15. Thomas A. Lubik & Frank Schorfheide, 2004. "Testing for Indeterminacy: An Application to U.S. Monetary Policy," American Economic Review, American Economic Association, vol. 94(1), pages 190-217, March.
  16. Robert B. Barsky & Lutz Kilian, 2002. "Do We Really Know that Oil Caused the Great Stagflation? A Monetary Alternative," NBER Chapters, in: NBER Macroeconomics Annual 2001, Volume 16, pages 137-198 National Bureau of Economic Research, Inc.
  17. Eichenbaum, Martin, 1998. "Costly capital reallocation and the effects of government spending : A comment," Carnegie-Rochester Conference Series on Public Policy, Elsevier, vol. 48(1), pages 195-209, June.
  18. Chari, V. V. & Christiano, Lawrence J. & Eichenbaum, Martin, 1998. "Expectation Traps and Discretion," Journal of Economic Theory, Elsevier, vol. 81(2), pages 462-492, August.
  19. Lubik, Thomas A. & Schorfheide, Frank, 2003. "Computing sunspot equilibria in linear rational expectations models," Journal of Economic Dynamics and Control, Elsevier, vol. 28(2), pages 273-285, November.
  20. James G. MacKinnon, 1990. "Critical Values for Cointegration Tests," Working Papers 1227, Queen's University, Department of Economics.
  21. Lutz Kilian, 1998. "Small-Sample Confidence Intervals For Impulse Response Functions," The Review of Economics and Statistics, MIT Press, vol. 80(2), pages 218-230, May.
  22. Ireland, Peter N., 1999. "Does the time-consistency problem explain the behavior of inflation in the United States?," Journal of Monetary Economics, Elsevier, vol. 44(2), pages 279-291, October.
  23. Hamilton, James D & Herrera, Ana Maria, 2004. "Oil Shocks and Aggregate Macroeconomic Behavior: The Role of Monetary Policy: Comment," Journal of Money, Credit and Banking, Blackwell Publishing, vol. 36(2), pages 265-86, April.
  24. Kydland, Finn E & Prescott, Edward C, 1977. "Rules Rather Than Discretion: The Inconsistency of Optimal Plans," Journal of Political Economy, University of Chicago Press, vol. 85(3), pages 473-91, June.
  25. Christopher A. Sims & Tao Zha, 2002. "Macroeconomic switching," Proceedings, Federal Reserve Bank of San Francisco, issue Mar.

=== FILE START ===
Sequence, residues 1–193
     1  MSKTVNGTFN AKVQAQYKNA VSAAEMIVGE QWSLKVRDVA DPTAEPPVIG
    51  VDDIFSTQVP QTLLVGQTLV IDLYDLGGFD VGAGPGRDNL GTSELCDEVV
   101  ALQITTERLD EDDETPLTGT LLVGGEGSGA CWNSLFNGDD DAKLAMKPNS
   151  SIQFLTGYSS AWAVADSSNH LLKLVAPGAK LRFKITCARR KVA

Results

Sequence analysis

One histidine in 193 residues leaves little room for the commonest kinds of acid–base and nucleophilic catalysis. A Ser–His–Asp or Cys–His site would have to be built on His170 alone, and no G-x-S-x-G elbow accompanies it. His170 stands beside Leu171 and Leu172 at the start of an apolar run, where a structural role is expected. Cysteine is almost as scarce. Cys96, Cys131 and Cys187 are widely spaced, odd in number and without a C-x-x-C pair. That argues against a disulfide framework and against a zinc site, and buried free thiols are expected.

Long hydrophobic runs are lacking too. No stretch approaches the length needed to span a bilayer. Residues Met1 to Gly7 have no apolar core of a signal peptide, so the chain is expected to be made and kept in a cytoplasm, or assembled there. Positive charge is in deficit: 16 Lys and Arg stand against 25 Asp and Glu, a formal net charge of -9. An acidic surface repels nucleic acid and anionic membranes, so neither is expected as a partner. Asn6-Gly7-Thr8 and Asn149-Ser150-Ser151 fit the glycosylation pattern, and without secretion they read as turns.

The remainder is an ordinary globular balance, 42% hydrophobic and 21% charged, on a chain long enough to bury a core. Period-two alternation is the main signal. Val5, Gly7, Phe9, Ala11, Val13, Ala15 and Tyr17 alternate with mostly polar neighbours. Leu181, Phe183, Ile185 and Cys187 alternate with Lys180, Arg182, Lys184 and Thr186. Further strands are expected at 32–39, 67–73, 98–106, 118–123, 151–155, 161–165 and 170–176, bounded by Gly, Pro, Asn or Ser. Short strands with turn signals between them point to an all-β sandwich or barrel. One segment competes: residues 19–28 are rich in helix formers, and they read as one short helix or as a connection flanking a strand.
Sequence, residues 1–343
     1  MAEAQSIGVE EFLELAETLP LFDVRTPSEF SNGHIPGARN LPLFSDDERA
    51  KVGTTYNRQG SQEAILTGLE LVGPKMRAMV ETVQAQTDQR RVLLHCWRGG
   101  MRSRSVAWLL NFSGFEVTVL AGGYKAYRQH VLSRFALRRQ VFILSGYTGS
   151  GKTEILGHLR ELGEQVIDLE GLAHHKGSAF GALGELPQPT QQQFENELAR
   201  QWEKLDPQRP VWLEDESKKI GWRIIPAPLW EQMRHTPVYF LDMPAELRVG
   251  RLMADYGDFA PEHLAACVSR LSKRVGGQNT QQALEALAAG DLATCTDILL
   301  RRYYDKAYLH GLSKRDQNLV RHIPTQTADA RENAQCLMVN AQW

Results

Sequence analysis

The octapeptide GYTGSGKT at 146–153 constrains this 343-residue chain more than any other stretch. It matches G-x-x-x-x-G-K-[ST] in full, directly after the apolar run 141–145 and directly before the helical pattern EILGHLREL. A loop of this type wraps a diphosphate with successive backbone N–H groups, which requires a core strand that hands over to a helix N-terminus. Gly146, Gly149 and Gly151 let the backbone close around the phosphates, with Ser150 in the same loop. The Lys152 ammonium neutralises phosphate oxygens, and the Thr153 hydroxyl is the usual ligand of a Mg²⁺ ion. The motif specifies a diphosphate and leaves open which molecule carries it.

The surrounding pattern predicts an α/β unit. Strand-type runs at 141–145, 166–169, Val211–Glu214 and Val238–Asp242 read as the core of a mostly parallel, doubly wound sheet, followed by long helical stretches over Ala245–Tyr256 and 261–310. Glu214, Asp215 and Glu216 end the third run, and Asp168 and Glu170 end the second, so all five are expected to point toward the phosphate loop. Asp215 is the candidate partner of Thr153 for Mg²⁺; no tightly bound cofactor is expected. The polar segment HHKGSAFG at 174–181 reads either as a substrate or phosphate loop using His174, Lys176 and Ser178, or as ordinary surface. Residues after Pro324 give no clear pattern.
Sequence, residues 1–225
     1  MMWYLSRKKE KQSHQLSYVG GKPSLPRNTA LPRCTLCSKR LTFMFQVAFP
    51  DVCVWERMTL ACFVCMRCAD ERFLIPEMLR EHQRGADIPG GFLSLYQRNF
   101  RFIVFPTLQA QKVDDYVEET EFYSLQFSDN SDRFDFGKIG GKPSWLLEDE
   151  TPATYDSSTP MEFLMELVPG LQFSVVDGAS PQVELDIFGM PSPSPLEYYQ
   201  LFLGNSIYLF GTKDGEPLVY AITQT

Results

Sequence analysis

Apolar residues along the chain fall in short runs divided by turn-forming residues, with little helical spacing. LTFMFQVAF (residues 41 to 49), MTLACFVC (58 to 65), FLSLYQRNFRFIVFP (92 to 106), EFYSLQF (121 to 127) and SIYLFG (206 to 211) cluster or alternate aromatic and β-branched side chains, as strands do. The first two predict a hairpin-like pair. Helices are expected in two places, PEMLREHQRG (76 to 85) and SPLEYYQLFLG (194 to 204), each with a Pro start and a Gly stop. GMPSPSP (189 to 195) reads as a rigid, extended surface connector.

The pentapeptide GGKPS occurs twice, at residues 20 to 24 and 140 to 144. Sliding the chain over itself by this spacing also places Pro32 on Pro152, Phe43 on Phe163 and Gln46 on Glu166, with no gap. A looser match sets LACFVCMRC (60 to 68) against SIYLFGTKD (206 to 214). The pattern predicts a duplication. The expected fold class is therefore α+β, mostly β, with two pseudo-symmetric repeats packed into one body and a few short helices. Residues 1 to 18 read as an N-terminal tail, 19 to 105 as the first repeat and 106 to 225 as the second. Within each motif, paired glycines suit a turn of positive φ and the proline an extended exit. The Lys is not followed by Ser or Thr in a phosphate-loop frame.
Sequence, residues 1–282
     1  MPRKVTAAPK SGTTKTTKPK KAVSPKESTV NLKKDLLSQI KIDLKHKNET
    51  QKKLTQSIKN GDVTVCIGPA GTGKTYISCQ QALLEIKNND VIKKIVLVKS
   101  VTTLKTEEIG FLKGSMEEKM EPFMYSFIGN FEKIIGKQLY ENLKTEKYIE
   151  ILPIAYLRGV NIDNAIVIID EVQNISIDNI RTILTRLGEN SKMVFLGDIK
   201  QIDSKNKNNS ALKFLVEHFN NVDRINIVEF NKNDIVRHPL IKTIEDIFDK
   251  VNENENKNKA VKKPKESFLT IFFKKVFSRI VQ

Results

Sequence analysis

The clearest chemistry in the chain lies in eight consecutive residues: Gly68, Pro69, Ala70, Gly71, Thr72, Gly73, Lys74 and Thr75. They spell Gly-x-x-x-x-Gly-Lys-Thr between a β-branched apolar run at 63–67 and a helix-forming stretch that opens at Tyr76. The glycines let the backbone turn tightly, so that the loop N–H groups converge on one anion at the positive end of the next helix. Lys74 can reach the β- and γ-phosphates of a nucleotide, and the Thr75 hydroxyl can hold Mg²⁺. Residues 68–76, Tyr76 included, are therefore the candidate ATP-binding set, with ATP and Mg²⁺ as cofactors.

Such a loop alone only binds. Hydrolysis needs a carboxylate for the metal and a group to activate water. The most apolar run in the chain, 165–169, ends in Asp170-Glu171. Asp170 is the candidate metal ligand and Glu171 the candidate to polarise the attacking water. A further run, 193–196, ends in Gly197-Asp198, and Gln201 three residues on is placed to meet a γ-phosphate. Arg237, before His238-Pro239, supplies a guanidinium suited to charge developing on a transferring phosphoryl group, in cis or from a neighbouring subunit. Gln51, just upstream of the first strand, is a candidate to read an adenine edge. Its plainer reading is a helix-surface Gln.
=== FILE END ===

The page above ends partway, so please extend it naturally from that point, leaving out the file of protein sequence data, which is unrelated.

26. Neville Francis & Valerie A. Ramey, 2002. "Is the Technology-Driven Real Business Cycle Hypothesis Dead?," NBER Working Papers 8726, National Bureau of Economic Research, Inc.
  27. Leduc, Sylvain & Sill, Keith, 2004. "A quantitative analysis of oil-price shocks, systematic monetary policy, and economic downturns," Journal of Monetary Economics, Elsevier, vol. 51(4), pages 781-808, May.
  28. Hanson, Michael S., 2004. "The "price puzzle" reconsidered," Journal of Monetary Economics, Elsevier, vol. 51(7), pages 1385-1413, October.
  29. Dean Croushore, 1997. "The Livingston Survey: still useful after all these years," Business Review, Federal Reserve Bank of Philadelphia, issue Mar, pages 15-27.
  30. Hamilton, James D, 1983. "Oil and the Macroeconomy since World War II," Journal of Political Economy, University of Chicago Press, vol. 91(2), pages 228-48, April.
Full references (including those not matched with items on IDEAS)

This item is not listed on Wikipedia, on a reading list or among the top items on IDEAS.

When requesting a correction, please mention this item's handle: RePEc:eee:moneco:v:54:y:2007:i:2:p:433-459. See general information about how to correct material in RePEc.

For technical questions regarding this item, or to correct its authors, title, abstract, bibliographic or download information, contact: (Shamier, Wendy)

If you have authored this item and are not yet registered with RePEc, we encourage you to do it here. This allows to link your profile to this item. It also allows you to accept potential citations to this item that we are uncertain about.

If references are entirely missing, you can add them using this form.

If the full references list an item that is present in RePEc, but the system did not link to it, you can help with this form.

If you know of missing items citing this one, you can help us creating those links by adding the relevant references in the same way as above, for each refering item. If you are a registered author of this item, you may also want to check the "citations" tab in your profile, as there may be some citations waiting for confirmation.

Please note that corrections may take a couple of weeks to filter through the various RePEc services.

This information is provided to you by IDEAS at the Research Division of the Federal Reserve Bank of St. Louis using RePEc data.